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One year after shocking upset, Tampa Bay Lightning capture Stanley Cup with Game 6 win against Stars

In April 2019, the Tampa Bay Lightning skated off the ice, victims of a stunning first-round sweep by the Columbus Blue Jackets after a 62-win season.

Monday, they stayed on the ice after the end of Game 6 to lift the Stanley Cup for the second time in franchise history.

A 2-0 victory against the Dallas Stars completed the redemption tour as the Lightning went 16-6 after the round robin to win the NHL championship for the first time since 2004.

Last season’s shocker showed that skill alone was not enough to win a Cup, so general manager Julien BriseBois got busy, adding grit in forwards Pat Maroon and Barclay Goodrow and depth in forward Blake Coleman and defensemen Kevin Shattenkirk and Zach Bogosian.

Tampa Bay Lightning players congratulate Brayden Point (21) for his first-period goal.

That allowed them to get past the Blue Jackets, Boston Bruins, New York Islanders and Stars despite getting only five shifts from captain Steven Stamkos.

But in the end, the Lightning won a championship because their stars performed like stars this postseason.

A look at clinching Game 6:

Lightning’s top line chips in again

Brayden Point gave the Lightning a 1-0 lead with a first-period power-play goal. It was his 14th goal of the postseason to give him the playoff lead.

Nikita Kucherov picked up his 27th assist on the play, which ranks fourth best all-time for a single playoff season. Only Wayne Gretzky and Mario Lemieux were ahead of him.

Conn Smythe winner

Victor Hedman, hurt for the final two games of last year’s series with Columbus, picked up an assist on the first goal to give him 22 points this season. His 10 goals ranked third best all-time among defensemen for a single playoff year.

Newcomers chip in

Maroon picked off an Alexander Radulov pass in the second period and it led to a Coleman goal for a 2-0 lead.

It’s the second year in a row that Maroon has helped end the Stars’ season. He scored the double-overtime goal for the St. Louis Blues that knocked out the Stars in the second round of the 2019 playoffs.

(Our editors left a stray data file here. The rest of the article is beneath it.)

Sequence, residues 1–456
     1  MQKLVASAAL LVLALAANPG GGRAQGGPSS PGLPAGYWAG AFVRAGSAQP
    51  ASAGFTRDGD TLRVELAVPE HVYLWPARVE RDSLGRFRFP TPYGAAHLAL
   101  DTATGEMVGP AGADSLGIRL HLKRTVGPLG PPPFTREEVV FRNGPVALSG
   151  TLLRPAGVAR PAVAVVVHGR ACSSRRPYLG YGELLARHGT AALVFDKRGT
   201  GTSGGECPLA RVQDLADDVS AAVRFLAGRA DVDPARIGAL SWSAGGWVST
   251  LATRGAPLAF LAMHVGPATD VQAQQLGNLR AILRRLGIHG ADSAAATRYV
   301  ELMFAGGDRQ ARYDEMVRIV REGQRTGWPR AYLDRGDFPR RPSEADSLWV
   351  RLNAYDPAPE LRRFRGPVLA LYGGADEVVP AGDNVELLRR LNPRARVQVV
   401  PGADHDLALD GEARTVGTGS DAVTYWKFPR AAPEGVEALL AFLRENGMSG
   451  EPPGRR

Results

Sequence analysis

Maroon won back-to-back Stanley Cups with different teams. The last person to do that: Cory Stillman (Tampa Bay, 2004, and Carolina, 2006, after the lockout-canceled season). The last to do it in back-to-back years: Claude Lemieux (New Jersey, 1995, and Colorado, 1996).

Vasilevskiy shines

Lightning goalie Andrei Vasilevskiy had a 3.82 goals-against average in the loss to the Blue Jackets. Monday, he made 22 saves to pick up his first shutout of the playoffs.

He was aided by a superb Lightning defensive game that limited the Stars to four shots in each of the first two periods, though he had to make back-to-back saves on Joel Kiviranta and Tyler Seguin in the third period.

Vasilevskiy, last season’s Vezina Trophy winner and a finalist this year, played every minute and gave up two or fewer goals 14 times this postseason. He becomes the second Russian starting goalie to win a Stanley Cup. The first was the Lightning’s Nikolai Khabibulin in 2004.

Cup presentation

The Lightning, who spent months away from their family, changed the postgame presentation ceremony by first posing around the Stanley Cup as a team.

Commissioner Gary Bettman presented the Cup to Stamkos, who was in uniform for the occasion. He handed it first to Hedman.

Lineup news

The Stars were down five regulars for the second game in a row. Ben Bishop, Stephen Johns, Radek Faksa, Blake Comeau and Roope Hintz. The first three had yet to play in the series.

The Lightning ruled out Stamkos for the rest of the series. They brought back Bogosian, and forward Alexander Volkov made his first appearance of the playoffs. Defenseman Jan Rutta and forward Carter Verhaeghe sat out. Volkov’s appearance means he can get his name engraved on the Stanley Cup.

Successful bubble

The NHL reported no positive COVID-19 tests for the ninth week in a row. The league said it has administered 33,174 tests to club personnel, including players, since teams entered the Toronto and Edmonton bubbles this summer. 

Because there were no fans in the stands, Bettman wasn’t booed for probably the first time during the Cup presentation.

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